Would you pay $1/year to avoid all ads in all apps? Considering how hot mobile ad blocking is getting, you might be tempted to say yes.
If you did, however, you’re in a very small minority of mobile users. Only 11.3% of the almost 4,000 smartphone owners we surveyed for a recent study agree. And while 4.5% would pay 365 times more — $1/day — and 10.4% would pay $1/month, almost 70% of smartphone owners would not pay a single penny to skip mobile advertising.
That’s actually great news for mobile marketers.
Essentially, even though mobile users tend to complain about advertising — and there are certainly cases of over-monetization — it’s not at the pain point where most people are willing throw actual money at the problem. And with new initiatives like Facebook’s instant articles and Google’s accelerated mobile pages, a cleaner, faster, and more usable mobile web experience is getting more and more common.
Ultimately, the goal is that the right people see the right ads at the right time, and the closer we get to achieving that, the fewer ads need to be shown.
Interestingly, while there are multiple web tip jar initiatives like Optimal or Contributor which attempt to replace advertising with a pay-for-content-you-like model, nothing similar exists for all mobile apps.
There’s probably a good reason for that — even if there was a way for people to pay to avoid seeing mobile ads, the amount that this system would raise would only be a fraction of mobile publishers currently pull in. Add up the totals, you’d come to $3.62 billion in the U.S., less than 9% of the total revenue that publishers will earn via mobile advertising in 2016.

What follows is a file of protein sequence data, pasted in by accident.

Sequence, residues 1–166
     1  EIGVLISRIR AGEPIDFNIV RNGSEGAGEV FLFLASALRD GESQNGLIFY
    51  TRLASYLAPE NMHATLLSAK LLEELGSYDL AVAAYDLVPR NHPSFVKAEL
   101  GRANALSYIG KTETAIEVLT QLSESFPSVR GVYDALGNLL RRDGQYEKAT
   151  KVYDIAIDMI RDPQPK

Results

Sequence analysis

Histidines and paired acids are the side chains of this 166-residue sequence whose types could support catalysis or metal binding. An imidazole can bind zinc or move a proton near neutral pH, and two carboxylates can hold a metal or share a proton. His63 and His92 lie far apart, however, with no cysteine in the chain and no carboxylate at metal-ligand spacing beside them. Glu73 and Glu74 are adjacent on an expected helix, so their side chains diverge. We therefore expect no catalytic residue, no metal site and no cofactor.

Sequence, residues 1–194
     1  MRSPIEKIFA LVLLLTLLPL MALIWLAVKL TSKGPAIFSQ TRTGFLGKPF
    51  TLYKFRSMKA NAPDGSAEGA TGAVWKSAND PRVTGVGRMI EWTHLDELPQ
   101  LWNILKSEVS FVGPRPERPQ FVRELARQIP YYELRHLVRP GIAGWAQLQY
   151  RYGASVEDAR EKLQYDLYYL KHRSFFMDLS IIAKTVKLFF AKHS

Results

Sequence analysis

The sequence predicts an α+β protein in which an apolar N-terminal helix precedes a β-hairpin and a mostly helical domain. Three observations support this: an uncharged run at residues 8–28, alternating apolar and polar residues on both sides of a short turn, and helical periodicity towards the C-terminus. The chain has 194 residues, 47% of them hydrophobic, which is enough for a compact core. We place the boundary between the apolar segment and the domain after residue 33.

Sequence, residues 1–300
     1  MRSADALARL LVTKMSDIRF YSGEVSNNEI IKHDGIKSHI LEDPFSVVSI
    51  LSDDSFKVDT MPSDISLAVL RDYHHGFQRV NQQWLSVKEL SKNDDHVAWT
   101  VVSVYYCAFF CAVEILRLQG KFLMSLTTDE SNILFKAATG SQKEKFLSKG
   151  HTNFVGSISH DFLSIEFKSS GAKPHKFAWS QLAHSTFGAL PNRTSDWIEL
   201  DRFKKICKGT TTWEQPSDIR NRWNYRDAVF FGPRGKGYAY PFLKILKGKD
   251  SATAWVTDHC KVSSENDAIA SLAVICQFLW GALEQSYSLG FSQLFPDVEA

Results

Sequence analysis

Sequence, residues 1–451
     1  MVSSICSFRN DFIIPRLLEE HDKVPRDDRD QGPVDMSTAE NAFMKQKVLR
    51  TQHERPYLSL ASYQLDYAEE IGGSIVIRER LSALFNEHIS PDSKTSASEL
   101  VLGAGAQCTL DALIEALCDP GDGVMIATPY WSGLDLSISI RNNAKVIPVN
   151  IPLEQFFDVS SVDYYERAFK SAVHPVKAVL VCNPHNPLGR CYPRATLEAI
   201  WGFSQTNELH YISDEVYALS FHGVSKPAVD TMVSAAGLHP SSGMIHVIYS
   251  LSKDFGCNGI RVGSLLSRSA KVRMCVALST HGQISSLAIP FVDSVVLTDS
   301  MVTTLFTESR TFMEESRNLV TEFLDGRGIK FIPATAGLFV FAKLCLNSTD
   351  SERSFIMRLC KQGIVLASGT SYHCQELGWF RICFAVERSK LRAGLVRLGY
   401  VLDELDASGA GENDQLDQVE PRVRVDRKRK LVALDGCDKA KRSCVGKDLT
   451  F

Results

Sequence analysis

As one app developer quoted in the report said:
“The sad truth is that advertisers pay more than users ever do… users need to be coaxed into buying things with careful design, and even then you only convert a small percentage of them. Basically: the advertisers are out-bidding the users.”
The 70% who won’t pay are the problem, of course, if you want to build an ad-free mobile ecosystem. There’s a reason why more than half of all apps have adopted a freemium monetization model over the past few years, but when 60% of in-app revenue comes from just .23% of mobile users, advertising is the primary remaining solution to compensate mobile publishers for their ongoing efforts.
In fact, if a no-mobile-ads paid solution could be created, 5% of mobile users would be contributing 80% of the revenue:
The full report is available for free from TUNE.
Interested in learning more? Register for our free webinar, “Immobilized: Is Mobile Ad Blocking the End of Mobile Marketing?”
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Before acting as a mobile economist for TUNE, John built the VB Insight research team at VentureBeat and managed teams creating software for partners like Intel and Disney. In addition, he led technical teams, built social sites and mobile apps, and consulted on mobile, social, and IoT. In 2014, he was named to Folio's top 100 of the media industry's "most innovative entrepreneurs and market shaker-uppers.” John lives in British Columbia, Canada with his family, where he coaches baseball and hockey, though not at the same time.